Out June 30

(Napalm Records)


Pirate metal? Not really. Folk rock? Nope. A bizarre journey back in time to an era when it didn’t really matter whether a song was any good? Getting warmer.

The overriding feeling as you navigate your way through the frankly bizarre First Night Back In Port  is one of disorientation and disappointment.

Ye Banished Privateers’ Alestorm-lite shanties are meant to ferry the listener back to the ‘cruel world of the 18th century’. Cruel indeed: if this is what passed as melody back then it seems we’re living in a golden age of music.

Consequently, you’re more likely to favour staying put. Far from putting the ‘jolly’ into the Jolly Roger, this lot represent the ‘shiver’ in shiver me timbers. Honest and moving or misplaced and hopeless – there are two ways of looking at this ragtag record and right now it’s got to be the latter.

A Night At The Schwarzer Kater and Eastindiamen are passable drinking anthems but pirate metal feeds of passion and power. Neither are much in evidence on First Night Back In Port with the woefully weak Skippy Aye Yo and Mermaid’s Kiss really scraping the barrel.

Apparently there are 30 members of Ye Banished Privateers but it’s time for the cream to rise to the top. Or for the weak links to walk the plank.



  1. I am wondering – while it is perfectly alright for the reviewer to simply not like any given record, whatever made them expect this to be any kind of metal album at all? I have never heard of anyone who would brand the Privateers’ music ‘Pirate Metal’, nor does the band claim it is.

    • Hi Christian and thanks for getting in touch. I concede that the Privateers do not claim to be Pirate Metal – this is a label I attached to them after listening to the record a few times. Perhaps it’s not the correct one, although they are nearer to Pirate Metal than the majority of other genres I listen to in terms of lyrical content and song structure (admittedly their sound is more folk and less metal). What would you suggest?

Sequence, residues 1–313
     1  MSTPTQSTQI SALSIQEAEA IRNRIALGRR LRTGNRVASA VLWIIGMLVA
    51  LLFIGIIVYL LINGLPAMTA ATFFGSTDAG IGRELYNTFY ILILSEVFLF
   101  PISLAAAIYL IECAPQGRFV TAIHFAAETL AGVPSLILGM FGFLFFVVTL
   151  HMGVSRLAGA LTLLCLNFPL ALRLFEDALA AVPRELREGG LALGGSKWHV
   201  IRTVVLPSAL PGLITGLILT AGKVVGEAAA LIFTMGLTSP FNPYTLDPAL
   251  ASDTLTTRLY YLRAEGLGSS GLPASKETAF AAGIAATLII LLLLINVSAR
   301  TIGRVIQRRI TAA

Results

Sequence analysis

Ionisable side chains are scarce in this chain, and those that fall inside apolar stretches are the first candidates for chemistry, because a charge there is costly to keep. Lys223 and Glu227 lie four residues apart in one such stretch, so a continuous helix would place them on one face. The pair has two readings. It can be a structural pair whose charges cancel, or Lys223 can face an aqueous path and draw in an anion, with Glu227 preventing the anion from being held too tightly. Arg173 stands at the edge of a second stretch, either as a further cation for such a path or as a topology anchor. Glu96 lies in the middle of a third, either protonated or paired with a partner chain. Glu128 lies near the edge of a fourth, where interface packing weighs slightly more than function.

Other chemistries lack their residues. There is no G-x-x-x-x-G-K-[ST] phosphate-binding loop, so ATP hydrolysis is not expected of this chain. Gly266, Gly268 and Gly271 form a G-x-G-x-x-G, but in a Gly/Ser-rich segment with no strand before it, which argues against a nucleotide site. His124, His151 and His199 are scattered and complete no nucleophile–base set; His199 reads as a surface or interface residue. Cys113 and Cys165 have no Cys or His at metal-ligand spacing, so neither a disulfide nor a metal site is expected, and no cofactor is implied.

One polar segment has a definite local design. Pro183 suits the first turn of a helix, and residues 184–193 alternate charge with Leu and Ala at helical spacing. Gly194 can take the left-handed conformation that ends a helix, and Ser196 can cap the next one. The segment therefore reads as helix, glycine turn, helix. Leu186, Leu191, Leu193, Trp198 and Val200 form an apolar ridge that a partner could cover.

2. Sorry, Simon, when I say it that hard, but people who are not familiar with different music genres maybe shouldn’t write music reviews. “although they are nearer to Pirate Metal than the majority of other genres I listen to in terms of lyrical content and song structure (admittedly their sound is more folk and less metal)” – Yes, it IS folk and it is NO metal 😀 In your definition many old sea shanties would be kinda metal because of the lyrics 😀 I do not critisize that you maybe don’t like YBP’s music and having a different oppinion than their fans or other review writers. Thats totally okay. Would be horror if everyone would like the same shit. But all your critics are about why it is too soft for metal, you pick out a ballad and say there’s no booze-atmosphere – of course not 😀 One more time – It is NO METAL, it is FOLK. And to compare YBP with a metal band like Alestorm just because of the lyrical content (yes, both is about pirates, and thats the only common ground) is hilarious! Man, you really should expand your musical horizon. I did not wanna piss you off with my words or in any way offend you, but I really had the impression you not really know about what you are writing. I say this not primarily as a fan of this band but as somebody who knows and likes very different kinds of music (I like Alestorm and many other metal bands, too – when I was a child the first music album I got was No Sleep Til Hammersmith from Motorhead, I grew up with that stuff, decades ago). And my heart is bleeding when I see that a music critic muddles music genres and compares bands which have nothing to do with each other. Please, learn, young padawan, worthwhile it will be 😉 Sincerely, Duke

    • No way have you pissed me off or offended me – and even if you had I’d love to see more people taking the time to comment and offer their opinions. That’s what music is all about Duke (or should I say Yoda). Opinions. I’ve taken all of your comments on board and genuinely appreciate you getting involved. Keep in touch!


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